7. Baseball favors consistency in vocation over flashy behavior. Baseball is about numbers. It teaches us that vocation involves consistent training, effort, and discipline. Players can't bypass such work (unless they are juicing perhaps) with a grand slam here and there. Rather, they must create habits of good work that play out over many games. This is an important lesson for young people and those in the midst of their careers. In business, school, and life, slow, steady excellence trumps a few flashy moments of success.
8. Baseball is a catalyst for free associations in a time of fragmentation. In our age of technology, career moves around the country, distance learning, and telecommuting, we also see people freeing church affiliation and participation in free associations or clubs. People pop in and out of virtual, online associations or groups, of course, but we are becoming dangerously distant from each other. Baseball brings people in a community together for a common experience. Sure, the stakes aren't really that great, but the camaraderie involved in most baseball markets seems to be a healthy social glue, so long as it doesn't become too much of a distraction from important political and social issues. We discuss this on our podcast episode "Bread and Circuses."
9. Baseball makes us face the fact that when we think this sport is boring, it is probably because we are boring ourselves. Baseball, like church, can indeed be boring even for those intellectually committed to it. I, for instance, avoid games that promise to be pitching duels between two teams that, late in the season, are mathematically eliminated from playoff contention. As G. K. Chesterton said, “There are no uninteresting things, only uninterested people.” Whenever we get fidgety, baseball asks us to quiet ourselves, contemplate, and consider that we may be bored because we aren't looking closely enough at the beauty and complexity around us. Baseball is especially boring for those who don't take the time to understand the game. Thus, baseball encourages intellectual curiosity and imagination.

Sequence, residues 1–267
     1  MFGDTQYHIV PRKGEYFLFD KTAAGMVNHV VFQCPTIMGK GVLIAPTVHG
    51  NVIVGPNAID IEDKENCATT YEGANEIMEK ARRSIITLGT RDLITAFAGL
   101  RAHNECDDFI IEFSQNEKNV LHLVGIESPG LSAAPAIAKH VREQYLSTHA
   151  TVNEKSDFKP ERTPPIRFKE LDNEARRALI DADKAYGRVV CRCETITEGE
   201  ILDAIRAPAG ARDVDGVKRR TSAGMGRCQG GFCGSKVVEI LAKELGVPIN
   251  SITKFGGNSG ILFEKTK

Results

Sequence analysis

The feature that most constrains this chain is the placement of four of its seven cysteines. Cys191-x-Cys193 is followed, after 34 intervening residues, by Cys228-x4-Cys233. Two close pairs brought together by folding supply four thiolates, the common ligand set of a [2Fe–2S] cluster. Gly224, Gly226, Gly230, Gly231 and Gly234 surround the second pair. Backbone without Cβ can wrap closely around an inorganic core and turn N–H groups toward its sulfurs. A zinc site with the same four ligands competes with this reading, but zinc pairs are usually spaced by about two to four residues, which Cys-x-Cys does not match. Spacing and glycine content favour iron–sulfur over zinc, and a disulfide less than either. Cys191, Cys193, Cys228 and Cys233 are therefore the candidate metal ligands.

10. Baseball reminds us of the importance of tradition, ritual, and history. In our age that alternately shuns tradition (thanks in part to the spirit of the Baby Boomers) and cherry picks it like faux-vintage fashion (thanks to the spirit of millennial hipsters), baseball brings us to a world that loves to recount history. As we watch a game, announcers and friends remind us of records to beat, traditions to uphold, and rituals--like throwing the ball "around the horn" that have both communal and practical value. Perhaps witnessing such things will stir up a hunger in future generations for time-honored traditions in other facets of life. Baseball does this, by the way, with occasional concessions to innovation (like helmets and inter-league play). Thus, it shows us that we can adapt to changing times without reinventing tradition every morning.
Perhaps this post is nothing but my self-justification. I plan on putting off a book review for another day because the Dodgers are still alive in the playoffs. My great grandfather, grandfather, father, and now sons all have listened to the legendary Vin Scully. This continuity from Brooklyn (many members of my family moved from New York to Los Angeles around the time when the Dodgers came out this way) is what keeps us Dodger fans even when Dodger fans themselves have caused some trouble. This condemnable, virtue-less sort of action suggests that all I'm saying might be foolish. Nonetheless, it may be that the sort of violence one sees in alcohol-fueled spectator altercations would only be worse without the social structures of America's past-time.
That's my off-the-cuff defense of why I will be excited to get home tonight and see how the Dodgers do. If they fail, perhaps a future post will recant what I say here. For, without my team in the mix, I may go fishing while others are watching the 2013 World Series. Am I a poor loser? Perhaps; but I never said that watching as corporations field over-paid and possibly steroid-riddled celebrities was morally obligatory. I'm just saying it has at least ten good aspects.